Soon the hallways of the Scott hotel filled with the noise of cheering and noise makers.
Sleep was impossible, so Roy and Mae hastily dressed and went out to join the rest of the revelers. Out on the street, pedestrians carried flags and every kind of noise maker available. Cars joined the group on Pioneer Avenue, beeping their horns. Roy and Mae made their way toward his parents’ home a short 2 blocks away. On the way, they ran into Lida and George.
Lida threw her arms around Roy, “Isn’t it wonderful, the war is over. We’re joining the crowd headed to town. Won’t you join us.”
Roy looked at his wife, heavy with child. “I think we’d better pass.”
They found his parents on their covered porch beating pots in celebration and went up to join them.
His Mother hugged him. “This is the best news, now I don’t have to worry about any of my boys getting drafted.”
After most of the crowd in front of the house had headed for the downtown area. Roy and Mae went back to their rooms at the Scott Hotel to catch a nap before he had to head to work.
After breakfast, Roy kissed his wife. “Don’t get up I can see myself to the door. He patted her round belly. You two try to find some time for more sleep.”
He walked to his bus stop amidst all the wild cheering still going on. The bus arrived full of men waving flags out the window and creating a ruckus of noise. Instead of work, many headed to celebrate in downtown Tacoma.
Not a lot of work went on at the shipyard that day. The ship workers spent much of the day pounding on anything that would make a booming sound, joining the mill workers who in turned pounded on large logs. The busy harbor filled with boats, small and large, blasting their horns and whistles as if to say peace at last the war has ended. Everywhere folks were happy and celebrating.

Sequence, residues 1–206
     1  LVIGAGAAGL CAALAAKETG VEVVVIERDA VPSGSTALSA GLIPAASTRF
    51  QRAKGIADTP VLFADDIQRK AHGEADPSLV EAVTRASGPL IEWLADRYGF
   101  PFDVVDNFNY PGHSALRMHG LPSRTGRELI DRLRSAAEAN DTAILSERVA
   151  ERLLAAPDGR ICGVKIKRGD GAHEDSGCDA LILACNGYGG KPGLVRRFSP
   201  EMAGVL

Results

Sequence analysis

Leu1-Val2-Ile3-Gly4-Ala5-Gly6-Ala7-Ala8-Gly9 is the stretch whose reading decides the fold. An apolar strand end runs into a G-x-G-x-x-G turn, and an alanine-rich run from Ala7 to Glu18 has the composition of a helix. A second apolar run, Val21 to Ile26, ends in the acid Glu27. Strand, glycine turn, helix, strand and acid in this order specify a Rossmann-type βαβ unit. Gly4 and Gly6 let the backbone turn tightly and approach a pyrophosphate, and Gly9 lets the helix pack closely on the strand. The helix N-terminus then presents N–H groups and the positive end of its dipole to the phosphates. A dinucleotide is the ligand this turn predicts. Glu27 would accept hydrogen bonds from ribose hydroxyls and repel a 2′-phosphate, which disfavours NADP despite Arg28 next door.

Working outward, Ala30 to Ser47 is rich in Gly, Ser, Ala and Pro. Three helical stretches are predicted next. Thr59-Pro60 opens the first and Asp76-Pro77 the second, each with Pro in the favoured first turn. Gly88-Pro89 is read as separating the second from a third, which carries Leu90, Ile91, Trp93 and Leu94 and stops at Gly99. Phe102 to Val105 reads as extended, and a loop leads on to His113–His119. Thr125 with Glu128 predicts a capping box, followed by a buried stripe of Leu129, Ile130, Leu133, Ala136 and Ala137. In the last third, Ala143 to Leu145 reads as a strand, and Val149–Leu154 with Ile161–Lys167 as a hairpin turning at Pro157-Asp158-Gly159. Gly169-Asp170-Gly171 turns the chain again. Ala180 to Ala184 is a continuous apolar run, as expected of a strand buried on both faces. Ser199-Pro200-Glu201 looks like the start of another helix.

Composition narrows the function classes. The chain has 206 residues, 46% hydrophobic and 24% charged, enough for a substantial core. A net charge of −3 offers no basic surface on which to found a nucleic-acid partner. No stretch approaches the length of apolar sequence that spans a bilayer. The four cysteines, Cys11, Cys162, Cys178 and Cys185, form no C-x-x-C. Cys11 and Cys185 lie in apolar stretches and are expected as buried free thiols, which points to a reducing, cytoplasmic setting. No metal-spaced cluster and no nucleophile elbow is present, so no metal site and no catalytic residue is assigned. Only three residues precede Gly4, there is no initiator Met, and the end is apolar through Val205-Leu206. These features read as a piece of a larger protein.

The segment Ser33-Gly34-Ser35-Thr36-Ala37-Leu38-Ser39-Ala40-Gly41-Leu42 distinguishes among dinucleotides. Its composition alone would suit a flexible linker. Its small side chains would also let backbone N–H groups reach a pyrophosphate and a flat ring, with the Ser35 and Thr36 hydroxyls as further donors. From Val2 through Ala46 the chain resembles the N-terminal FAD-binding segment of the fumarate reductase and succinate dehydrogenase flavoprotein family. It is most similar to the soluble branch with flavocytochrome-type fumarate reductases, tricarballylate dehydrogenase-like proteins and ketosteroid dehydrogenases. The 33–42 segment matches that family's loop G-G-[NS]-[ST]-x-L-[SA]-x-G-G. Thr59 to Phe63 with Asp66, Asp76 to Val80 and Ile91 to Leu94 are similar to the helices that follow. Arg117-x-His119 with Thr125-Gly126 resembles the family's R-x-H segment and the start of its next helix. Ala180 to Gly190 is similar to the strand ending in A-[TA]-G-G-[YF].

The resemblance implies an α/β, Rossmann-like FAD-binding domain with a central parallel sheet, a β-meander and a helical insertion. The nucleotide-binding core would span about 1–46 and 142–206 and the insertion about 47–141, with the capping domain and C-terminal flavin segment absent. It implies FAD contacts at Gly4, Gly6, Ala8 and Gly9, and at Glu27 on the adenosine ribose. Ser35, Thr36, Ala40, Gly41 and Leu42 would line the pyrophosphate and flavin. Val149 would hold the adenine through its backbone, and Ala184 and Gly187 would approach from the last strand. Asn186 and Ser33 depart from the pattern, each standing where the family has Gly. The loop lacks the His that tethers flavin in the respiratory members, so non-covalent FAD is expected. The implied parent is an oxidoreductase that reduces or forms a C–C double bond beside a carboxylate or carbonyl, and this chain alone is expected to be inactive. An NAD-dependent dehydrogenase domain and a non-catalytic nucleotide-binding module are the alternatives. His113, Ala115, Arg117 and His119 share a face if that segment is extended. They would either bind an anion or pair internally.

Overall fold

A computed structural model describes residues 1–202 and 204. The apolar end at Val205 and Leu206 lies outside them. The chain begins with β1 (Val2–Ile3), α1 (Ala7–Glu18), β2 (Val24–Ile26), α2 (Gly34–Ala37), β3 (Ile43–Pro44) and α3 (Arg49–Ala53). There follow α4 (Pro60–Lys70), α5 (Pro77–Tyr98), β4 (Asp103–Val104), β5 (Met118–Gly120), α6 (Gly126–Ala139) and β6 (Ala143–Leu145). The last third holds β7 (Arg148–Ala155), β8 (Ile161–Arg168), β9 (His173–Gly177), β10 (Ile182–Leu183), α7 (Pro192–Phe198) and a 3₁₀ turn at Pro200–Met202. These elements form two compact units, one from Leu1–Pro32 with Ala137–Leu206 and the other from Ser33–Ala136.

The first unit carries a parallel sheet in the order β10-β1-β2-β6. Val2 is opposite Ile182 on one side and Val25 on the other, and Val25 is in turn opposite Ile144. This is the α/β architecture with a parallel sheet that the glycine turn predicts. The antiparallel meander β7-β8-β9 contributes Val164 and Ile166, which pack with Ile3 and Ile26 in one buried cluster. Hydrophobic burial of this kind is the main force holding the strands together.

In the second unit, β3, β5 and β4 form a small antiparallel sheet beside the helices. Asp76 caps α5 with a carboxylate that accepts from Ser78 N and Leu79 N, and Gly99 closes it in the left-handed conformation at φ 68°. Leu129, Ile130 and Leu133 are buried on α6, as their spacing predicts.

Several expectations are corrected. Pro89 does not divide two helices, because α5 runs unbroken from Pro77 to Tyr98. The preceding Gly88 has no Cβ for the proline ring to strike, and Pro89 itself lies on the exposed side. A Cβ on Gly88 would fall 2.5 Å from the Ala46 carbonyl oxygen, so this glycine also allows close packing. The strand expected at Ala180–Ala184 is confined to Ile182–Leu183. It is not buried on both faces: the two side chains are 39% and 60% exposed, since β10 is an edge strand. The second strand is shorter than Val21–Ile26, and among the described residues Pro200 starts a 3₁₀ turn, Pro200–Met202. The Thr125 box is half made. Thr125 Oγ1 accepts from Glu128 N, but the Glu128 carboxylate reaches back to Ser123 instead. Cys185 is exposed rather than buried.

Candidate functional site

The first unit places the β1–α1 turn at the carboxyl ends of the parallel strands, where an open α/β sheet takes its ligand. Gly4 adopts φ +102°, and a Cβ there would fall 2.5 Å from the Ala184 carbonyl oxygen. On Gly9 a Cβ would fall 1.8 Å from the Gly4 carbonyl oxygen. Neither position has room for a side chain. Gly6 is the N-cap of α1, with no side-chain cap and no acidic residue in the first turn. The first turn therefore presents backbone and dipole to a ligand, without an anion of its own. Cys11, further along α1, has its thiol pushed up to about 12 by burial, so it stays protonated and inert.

Mae greeted him at the door at the end of the day and gave him a big smooch on the lips, “Hasn’t today been the best day. Did you see any of the celebrating in Tacoma?”
Roy hung his coat on the coat tree next to the door. I saw little of the city, but I can tell you there was plenty of celebrating going on at the port. He patted her protruding tummy; I hope you two got a chance to nap.
Mae patted her tummy, “I caught a catnap or two but his little one has been kicking all day. I guess he or she wanted to celebrate, too.”
After Roy washed and changed his clothes, he sat down for the dinner Mae had prepared.
She poured him a cup of coffee. “I hear there’s going to be an enormous bonfire in front of Victory Hall tonight. Appears folks can’t quit celebrating.”
“I can’t blame them,” said Roy taking a bite of the stew she’d prepared. “But I for one am bushed, it’s early to bed for me.”
School reopened in Puyallup on November 16th. The nasty business with the flu also seemed to end with the war. Although isolated cases in Puyallup would continue to occur for the next year, life went back to normal.
Authors notes: specifics on Roy’s registration for the draft came from his draft registration. Interestingly enough the room he had to report in the Bank of California building was the same room my husband registered for the Viet Nam War draft. He often mentioned that he had opposed this war and that he had considered being a conscientious objector should he be called for service.
Information on the deadly Influenza outbreak of 1918 came from old Tacoma and Puyallup newspapers as did the information on how the town celebrated the ending of World War I. My grandfather also spoke of how older people he thought would die from the illness lived while the healthy younger ones did not.